In search of the wild

Ladakh sanctuary

In search of the wild
“What do we have to do to find the snow leopard?” my friend asked a Ladakhi boy at SECMOL, the school we were volunteering at, in Ladakh. My friend had been lucky with big cat spottings at every national park he had been to. “Do we have to go early morning or in the evening?”

“You just have to be really lucky,” the boy replied earnestly.
Five of us were planning to scour Hemis High Altitude National Park to experience the wonder of seeing the endangered big cat in its natural habitat.

The national park, named after the biggest and richest monastery in the region — the 400-year-old Hemis, has four gates. The boy directed us to the trail most likely to attract the elusive animal — the path from Zingchen to Rumbak village. Thus, we set out, our expectations modest. If not the snow leopard, we were certain that we’d see a big, blue sheep.

Pausing for paws

We drove along River Indus from Spituk village till the point where it cuts a deep gorge near the national park entrance. We disembarked at Zingchen, a hamlet surrounded by intimidating cliff faces. Dzos, a mixed breed of yaks and cows, and yaks were grazing.

We were walking into the park, armed with water, chocolates and tingmo (bread) with little idea of where we were going. We jumped over the small stream and thus began our impromptu trek. There are no signs of civilisation, apart from an occasional horseshoe, or decorated ibex horn you’d find in little pockets of the cliffs and hollow telephone poles that whistled in the wind.

We followed a Ladakhi woman, who we had begun to call acchey (big sister), upstream to campsites where men, who had sat for days on end to spot the snow leopard, generously gave us tea and kulcha. During winters, they say, the animal comes down to Rumbak village. “The leopard was sitting near our campsite two days ago,” they told us.
As we climbed uphill, we passed a frozen waterfall adorned with Tibetan prayer flags where acchey offered her prayers. Finally, after three hours of walking, we spot a snow-clad peak in the distance. Bracketed by the brown mountains, reaching up to the impossibly blue skies, the peak was a sight to behold.

We walked towards the snow-clad peak as though we had found our Star of Bethlehem. We reached a junction with two paths — one called the Kanda La nallah was towards the pristine peak and on our left was the path to Rumbak village. There was a map of the area there, with animals you are likely to spot drawn much bigger than the mountains they inhabit. “Why are we looking for the snow leopard? We should go where the giant duck is,” joked one of my friends. As it turns out, we did see the “giant duck”, the Himalayan snowcock, picking through snow on the frozen stream we walked alongside.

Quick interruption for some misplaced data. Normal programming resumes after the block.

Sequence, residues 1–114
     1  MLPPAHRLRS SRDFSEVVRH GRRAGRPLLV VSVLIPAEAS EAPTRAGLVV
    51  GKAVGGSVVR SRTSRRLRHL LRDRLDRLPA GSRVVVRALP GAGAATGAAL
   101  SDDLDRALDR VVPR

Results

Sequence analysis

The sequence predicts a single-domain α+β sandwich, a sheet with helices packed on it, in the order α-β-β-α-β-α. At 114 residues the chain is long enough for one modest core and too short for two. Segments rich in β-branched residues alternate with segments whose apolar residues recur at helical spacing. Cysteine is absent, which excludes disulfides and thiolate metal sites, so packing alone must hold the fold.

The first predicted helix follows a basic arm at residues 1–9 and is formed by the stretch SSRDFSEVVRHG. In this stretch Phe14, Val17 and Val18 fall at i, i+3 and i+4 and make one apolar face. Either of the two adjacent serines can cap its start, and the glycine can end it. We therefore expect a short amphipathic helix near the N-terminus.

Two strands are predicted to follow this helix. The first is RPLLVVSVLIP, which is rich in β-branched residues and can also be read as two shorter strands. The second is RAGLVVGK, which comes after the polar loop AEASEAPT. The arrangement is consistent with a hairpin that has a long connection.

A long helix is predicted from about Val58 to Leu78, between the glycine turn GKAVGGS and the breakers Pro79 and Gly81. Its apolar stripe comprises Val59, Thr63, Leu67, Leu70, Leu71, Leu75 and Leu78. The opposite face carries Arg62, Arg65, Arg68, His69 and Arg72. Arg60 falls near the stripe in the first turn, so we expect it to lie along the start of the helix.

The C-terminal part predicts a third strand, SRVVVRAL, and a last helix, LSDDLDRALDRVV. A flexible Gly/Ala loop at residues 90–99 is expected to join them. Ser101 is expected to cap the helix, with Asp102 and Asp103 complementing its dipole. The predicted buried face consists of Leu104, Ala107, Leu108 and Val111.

On our way to acchey’s house, we walked on a narrow pathway, dotted with occasional dung heaps and cows. The landscape was like entering an imaginative child’s drawing — brown, purple, pastel pink mountains; meadows where horses, cows, yaks grazed, where the “giant duck” hopped on pebbles and where both the sun and moon hung like extravagant ornaments in the clear blue sky.

Curbing excitement

I spotted movement on top of the mountain in front of the village. There was a flurry of activity in that moment. I could hear shouts of panic atop the mountain behind the village-where my friends had gone.

“Oh god, oh god, oh god, oh god!”
The one who had climbed the furthest had accidentally started a mini-landslide while descending. Boulders, which changed direction with every impact, were heading toward two of my friends who were trying to scramble out of the way, zigzagging. Luckily, the boulders missed — but the mountain has been christened “Mt Speedy Death and Doom” since. The movement I had caught was in the mountain in front of me.

“Blue sheep!” a local pointed. Neither blue, nor a sheep, a herd of these goat-like creatures were crossing indent in the mountains.

“Blue sheep?” I asked, just to make sure. He nodded. I checked later in the Wildlife Map and Google, and yes, it was the blue sheep. After their climb and the desperate attempts of my camera to capture the blue sheep, we went to acchey’s house for lunch. They revealed that they found, on top of “Mt. Speedy Death and Doom”, what they believed to be the snow leopard’s hair. We had it checked by a local who was quite adamant that it was the hair of a blue sheep. “The fur of the blue sheep changes colour depending on the sun,” he told us.Disgruntled, we trudged our way back to Zingchen, formulating stories behind the blue sheep’s misleading name.

Fact file

There are multiple treks in Hemis High Altitude National Park organised by tour operators in Leh.

Markha valley is another famous trek route in Hemis.

There are four gates to enter Hemis National Park — Martselang (41 km from Leh), Chilling (60 km from Leh), Stok (13 km from Leh) and Zingchen (25 km from Leh).

 If you are a group of women and would like women guides and porters, Ladakhi Women Travel Agency is your best bet.

If you are planning on a trip to Ladakh (especially trekking), set two days aside for acclimatisation.

Apart from Diamox, things that would help in high altitude — chocolates, lots of water, dry fruits.

Do not ignore signs of AMS (acute mountain sickness) — headache,
nausea, dizziness, breathlessness, fatigue. Sonam Norboo Hospital in Leh is well equipped to deal with AMS.

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